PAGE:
(Received 25 July 1996; accepted 21 October 1996)
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This paper summarizes data obtained from the new AAFS continuing medical education report forms to provide potentially useful information to future presenters and for program planning. The proportion of presentations that were above average to excellent in content, delivery, and visual aid usage along with the proportion of presentations that brought new knowledge, affirmed existing knowledge, or modified current practice and categorization and tabulation of specific comments about presentations and the program are given. The American Academy of Forensic Sciences (AAFS) revised its CME reporting procedures for its annual meeting in February 1996. A CME credit reporting booklet was prepared, and space was provided to rank each presentation from 1 (poor) to 5 (excellent) regarding the quality of visual aids, presentation, and delivery. In addition, responders could indicate with Yes/No answers whether the presentation affirmed current knowledge, brought new knowledge, or would result in a modification of practice. Space was also provided for open ended comments. Data were summarized in aggregate for all presentations within the Pathology/Biology Section. 52% of presentations were rated overall as being above average or excellent. 52% of presentations had rankings of four or five (better than average to excellent) for delivery, 57% had such ratings for audiovisuals, and 56% had such ratings for content. The number of responders who were brought new knowledge ranged from 43% to 92% for a given presentation and showed an overall average of 66%. Affirmation of existing knowledge ranged from 36% to 85% of for the various presentations and averaged 68%. Presented material was reported to result in a change of practice among 10% to 73% of responders for the various presentations and averaged 31%. Generally supportive comments such as “good presentation” were the most common. Somewhat negative comments about information being of limited usefulness, irrelevant to practice, or of suspicious conclusion were second most common. These and other related data, and the feedback of individual evaluations to presenters may be useful for improving the AAFS Path/Bio program in the future.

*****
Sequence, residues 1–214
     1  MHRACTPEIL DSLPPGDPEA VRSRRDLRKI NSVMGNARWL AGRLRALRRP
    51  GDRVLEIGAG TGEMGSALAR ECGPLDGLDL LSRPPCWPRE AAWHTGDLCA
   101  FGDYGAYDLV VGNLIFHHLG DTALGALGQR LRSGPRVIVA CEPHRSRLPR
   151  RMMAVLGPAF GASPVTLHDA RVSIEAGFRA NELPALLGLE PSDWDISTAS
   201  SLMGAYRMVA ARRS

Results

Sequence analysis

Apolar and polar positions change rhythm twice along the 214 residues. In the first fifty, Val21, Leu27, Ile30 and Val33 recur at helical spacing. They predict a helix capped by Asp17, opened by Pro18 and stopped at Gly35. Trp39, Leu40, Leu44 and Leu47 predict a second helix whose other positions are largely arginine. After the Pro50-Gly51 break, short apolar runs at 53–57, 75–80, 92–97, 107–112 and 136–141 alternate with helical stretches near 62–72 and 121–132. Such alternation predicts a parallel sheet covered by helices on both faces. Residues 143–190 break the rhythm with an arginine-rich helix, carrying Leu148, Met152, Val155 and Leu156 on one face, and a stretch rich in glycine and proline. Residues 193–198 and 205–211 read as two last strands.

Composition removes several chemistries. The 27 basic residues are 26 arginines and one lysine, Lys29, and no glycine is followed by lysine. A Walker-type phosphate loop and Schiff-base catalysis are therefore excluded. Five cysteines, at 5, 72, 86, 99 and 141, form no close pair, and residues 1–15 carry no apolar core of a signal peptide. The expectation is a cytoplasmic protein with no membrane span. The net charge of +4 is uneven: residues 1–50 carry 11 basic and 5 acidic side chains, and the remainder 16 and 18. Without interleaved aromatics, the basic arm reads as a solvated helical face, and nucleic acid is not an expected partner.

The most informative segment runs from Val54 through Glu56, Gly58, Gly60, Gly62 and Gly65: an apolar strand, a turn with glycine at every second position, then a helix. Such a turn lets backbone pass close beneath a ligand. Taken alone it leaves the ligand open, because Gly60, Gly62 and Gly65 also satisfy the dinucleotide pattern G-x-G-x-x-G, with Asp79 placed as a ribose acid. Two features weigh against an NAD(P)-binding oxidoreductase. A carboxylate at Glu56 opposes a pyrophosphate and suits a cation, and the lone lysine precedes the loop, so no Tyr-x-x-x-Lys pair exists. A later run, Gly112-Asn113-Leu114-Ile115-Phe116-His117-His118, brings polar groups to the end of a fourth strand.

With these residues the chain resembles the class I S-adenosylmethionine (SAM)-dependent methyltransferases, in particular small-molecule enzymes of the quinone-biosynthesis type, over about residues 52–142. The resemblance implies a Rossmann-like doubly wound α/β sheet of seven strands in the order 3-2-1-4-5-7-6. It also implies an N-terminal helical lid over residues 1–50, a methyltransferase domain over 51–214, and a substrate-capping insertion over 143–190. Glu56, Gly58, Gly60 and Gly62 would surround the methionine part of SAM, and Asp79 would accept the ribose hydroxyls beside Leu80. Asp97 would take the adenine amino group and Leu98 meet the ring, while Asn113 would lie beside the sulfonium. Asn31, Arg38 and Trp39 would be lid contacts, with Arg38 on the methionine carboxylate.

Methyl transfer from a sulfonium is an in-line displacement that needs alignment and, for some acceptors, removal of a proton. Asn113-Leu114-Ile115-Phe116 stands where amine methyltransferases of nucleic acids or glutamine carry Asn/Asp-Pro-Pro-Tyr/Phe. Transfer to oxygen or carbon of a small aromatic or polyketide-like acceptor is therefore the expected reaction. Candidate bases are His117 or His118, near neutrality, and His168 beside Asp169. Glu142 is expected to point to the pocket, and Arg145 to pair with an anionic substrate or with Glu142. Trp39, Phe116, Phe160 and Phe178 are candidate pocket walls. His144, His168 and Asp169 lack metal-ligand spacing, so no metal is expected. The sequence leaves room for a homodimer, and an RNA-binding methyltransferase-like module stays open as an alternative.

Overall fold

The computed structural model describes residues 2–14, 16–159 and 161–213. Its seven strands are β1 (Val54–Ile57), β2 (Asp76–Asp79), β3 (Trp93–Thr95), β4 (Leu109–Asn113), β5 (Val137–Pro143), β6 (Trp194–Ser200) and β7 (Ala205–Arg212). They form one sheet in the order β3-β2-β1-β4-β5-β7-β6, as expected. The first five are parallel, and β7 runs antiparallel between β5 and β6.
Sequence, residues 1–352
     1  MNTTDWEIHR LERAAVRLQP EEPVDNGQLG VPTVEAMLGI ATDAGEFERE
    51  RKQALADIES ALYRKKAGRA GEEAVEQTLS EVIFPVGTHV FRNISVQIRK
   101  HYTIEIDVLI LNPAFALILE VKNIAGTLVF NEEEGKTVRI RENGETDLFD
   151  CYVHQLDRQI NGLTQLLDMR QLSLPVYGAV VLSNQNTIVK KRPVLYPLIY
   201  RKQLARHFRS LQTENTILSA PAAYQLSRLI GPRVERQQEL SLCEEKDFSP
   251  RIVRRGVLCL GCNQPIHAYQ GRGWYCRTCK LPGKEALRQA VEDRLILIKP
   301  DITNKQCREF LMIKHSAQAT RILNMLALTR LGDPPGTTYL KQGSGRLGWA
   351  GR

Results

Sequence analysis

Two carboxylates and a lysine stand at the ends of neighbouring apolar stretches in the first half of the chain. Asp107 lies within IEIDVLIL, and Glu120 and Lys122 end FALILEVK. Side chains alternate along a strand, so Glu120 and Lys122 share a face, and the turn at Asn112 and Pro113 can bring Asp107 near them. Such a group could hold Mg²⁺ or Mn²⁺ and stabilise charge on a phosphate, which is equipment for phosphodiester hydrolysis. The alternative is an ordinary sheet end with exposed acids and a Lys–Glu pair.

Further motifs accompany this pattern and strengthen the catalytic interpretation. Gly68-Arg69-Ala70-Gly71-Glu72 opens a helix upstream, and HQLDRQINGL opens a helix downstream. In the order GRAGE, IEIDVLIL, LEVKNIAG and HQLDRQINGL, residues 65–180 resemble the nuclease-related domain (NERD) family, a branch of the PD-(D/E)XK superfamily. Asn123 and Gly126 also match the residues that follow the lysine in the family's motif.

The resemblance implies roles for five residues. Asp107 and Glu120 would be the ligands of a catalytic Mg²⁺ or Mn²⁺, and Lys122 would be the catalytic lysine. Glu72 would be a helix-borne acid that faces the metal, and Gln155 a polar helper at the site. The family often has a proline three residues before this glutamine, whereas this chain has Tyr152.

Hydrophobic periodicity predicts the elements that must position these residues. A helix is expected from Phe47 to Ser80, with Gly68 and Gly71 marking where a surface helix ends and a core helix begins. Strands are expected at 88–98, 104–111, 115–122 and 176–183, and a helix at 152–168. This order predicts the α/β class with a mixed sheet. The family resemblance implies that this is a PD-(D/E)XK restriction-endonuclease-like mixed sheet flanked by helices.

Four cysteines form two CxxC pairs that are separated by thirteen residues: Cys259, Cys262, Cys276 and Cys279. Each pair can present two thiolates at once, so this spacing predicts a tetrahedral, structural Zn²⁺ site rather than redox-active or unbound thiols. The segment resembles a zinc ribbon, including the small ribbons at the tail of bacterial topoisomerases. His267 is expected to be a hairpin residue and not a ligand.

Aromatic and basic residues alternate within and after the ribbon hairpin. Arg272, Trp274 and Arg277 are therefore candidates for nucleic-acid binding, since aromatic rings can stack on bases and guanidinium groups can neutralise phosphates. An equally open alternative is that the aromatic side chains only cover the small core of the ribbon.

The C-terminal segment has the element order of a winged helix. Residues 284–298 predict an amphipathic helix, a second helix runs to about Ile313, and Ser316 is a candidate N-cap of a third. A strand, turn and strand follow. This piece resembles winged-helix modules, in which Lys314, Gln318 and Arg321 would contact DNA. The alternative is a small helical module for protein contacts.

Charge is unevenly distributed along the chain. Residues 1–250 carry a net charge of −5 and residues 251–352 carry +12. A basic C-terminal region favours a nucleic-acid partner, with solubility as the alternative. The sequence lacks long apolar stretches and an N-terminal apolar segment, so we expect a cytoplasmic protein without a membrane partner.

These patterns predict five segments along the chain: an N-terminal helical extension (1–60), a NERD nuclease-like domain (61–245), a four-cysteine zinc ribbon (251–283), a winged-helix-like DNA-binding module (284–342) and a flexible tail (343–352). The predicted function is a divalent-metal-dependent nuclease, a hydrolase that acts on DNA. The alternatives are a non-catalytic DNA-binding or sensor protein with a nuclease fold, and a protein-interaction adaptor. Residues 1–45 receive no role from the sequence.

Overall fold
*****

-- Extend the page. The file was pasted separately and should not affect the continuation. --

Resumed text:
Continuing Medical Education Committee Chairman, American Academy of Forensic Sciences,
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